- Target Muscle Group
- Exercise TypeStrength
- Equipment RequiredKettle Bells
- Force TypeHinge (Unilateral)
- Experience LevelIntermediate
- Secondary Muscles
Double Kettlebell Single Leg Deadlift Overview
The double kettlebell single leg deadlift is a variation of the single leg deadlift and an exercise used to target the muscles of the hamstrings, as well as other muscle groups of the posterior chain.
The double kettlebell single leg deadlift requires a lot of balance to execute and is a good options for those looking to progress to heavier implements of other single leg deadlift variations.
Mostly used as a functional exercise, the double kettlebell single leg deadlift can also be used as a way to train the hamstrings unilaterally to build balanced strength and an aesthetic physique.
Double Kettlebell Single Leg Deadlift Instructions
- Begin with a kettlebell in both hands.
- Begin the movement by lifting one foot, unlocking your knee, and slowly hinging at the opposite hip.
- Hinge until your chest is almost parallel to the floor and don’t allow the kettlebells to drift forward excessively.
- Push through the floor and extend the hip as your return to the starting position.
- Reset and repeat for the desired number of repetitions.
Double Kettlebell Single Leg Deadlift Tips
- Focus on pushing your heel back as far as possible and hinging into the hip rather than dropping your chest.
- Don’t allow the hips to rotate, you should be able to balance a cup of water on your back in the bottom of the movement.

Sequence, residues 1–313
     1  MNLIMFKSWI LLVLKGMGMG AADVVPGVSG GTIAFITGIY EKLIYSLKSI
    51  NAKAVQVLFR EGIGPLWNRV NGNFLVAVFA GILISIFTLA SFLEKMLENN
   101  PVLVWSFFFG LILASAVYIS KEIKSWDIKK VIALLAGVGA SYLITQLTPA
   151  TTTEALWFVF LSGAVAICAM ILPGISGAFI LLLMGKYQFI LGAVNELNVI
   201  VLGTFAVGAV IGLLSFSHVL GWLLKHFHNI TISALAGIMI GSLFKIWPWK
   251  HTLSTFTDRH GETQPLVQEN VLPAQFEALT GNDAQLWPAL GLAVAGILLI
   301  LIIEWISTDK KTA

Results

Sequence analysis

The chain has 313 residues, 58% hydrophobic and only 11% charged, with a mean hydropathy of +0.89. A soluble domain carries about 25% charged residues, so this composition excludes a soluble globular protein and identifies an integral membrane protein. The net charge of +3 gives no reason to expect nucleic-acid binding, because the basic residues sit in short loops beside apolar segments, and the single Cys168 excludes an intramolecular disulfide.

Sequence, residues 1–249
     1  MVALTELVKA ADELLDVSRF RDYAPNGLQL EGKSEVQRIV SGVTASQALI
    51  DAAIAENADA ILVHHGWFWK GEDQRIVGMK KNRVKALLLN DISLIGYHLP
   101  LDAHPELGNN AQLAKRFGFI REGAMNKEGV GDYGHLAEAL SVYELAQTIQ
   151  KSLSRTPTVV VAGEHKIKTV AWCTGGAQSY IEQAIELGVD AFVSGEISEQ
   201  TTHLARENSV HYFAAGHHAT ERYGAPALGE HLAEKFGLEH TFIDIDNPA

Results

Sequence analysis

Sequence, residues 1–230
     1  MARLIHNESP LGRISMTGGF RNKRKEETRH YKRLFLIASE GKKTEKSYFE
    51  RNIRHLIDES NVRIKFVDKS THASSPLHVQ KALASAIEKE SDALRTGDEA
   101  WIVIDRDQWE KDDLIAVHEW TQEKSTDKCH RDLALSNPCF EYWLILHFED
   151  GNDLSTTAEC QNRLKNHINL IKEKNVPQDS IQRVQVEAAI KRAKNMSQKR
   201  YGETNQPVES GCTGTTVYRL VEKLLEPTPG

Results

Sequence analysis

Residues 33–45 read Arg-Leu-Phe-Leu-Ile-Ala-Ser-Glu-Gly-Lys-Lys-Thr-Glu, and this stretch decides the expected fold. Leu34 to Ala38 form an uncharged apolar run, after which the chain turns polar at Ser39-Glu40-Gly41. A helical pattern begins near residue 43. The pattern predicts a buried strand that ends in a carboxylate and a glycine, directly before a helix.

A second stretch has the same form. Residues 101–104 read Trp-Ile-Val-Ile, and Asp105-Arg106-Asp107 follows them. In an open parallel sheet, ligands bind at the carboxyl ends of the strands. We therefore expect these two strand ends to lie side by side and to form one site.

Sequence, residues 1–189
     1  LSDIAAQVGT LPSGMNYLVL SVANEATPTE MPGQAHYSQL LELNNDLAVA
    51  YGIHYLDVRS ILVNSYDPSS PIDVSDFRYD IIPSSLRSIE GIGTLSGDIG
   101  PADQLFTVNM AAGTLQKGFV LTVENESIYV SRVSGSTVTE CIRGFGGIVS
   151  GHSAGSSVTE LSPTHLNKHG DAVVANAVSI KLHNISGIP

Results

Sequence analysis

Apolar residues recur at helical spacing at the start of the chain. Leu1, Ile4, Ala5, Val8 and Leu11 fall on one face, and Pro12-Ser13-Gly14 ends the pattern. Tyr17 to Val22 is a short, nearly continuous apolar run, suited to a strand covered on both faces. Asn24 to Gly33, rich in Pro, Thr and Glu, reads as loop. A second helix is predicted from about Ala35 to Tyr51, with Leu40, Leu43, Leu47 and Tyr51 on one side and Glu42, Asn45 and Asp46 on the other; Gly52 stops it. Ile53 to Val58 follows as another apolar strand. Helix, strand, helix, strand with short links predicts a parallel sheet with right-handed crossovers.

- Your chin should follow your chest, don’t worry about looking up in the bottom of the movement.
- Ideally you should keep a straight line from your head through your heel.
- Keep a soft bend in your knee and don’t allow your arch to collapse as you complete the movement.
- Make sure you wrap your thumbs around the handle and don’t utilize a false grip.
- Don’t focus on keeping the weight entirely on the heels, you won’t be able to effectively recruit your quads at the beginning of the lift and thus you’ll be slow off the flow. So, to combat this, you should focus on driving through the whole foot - you want 3 points of contact: big toe, little toe, and heel.
- To learn and master single RDLs, it may be conducive to utilize assisted versions by lightly holding onto a rack with your free hand or hinging with both legs in position like a normal RDL but keep one foot hovering off the floor.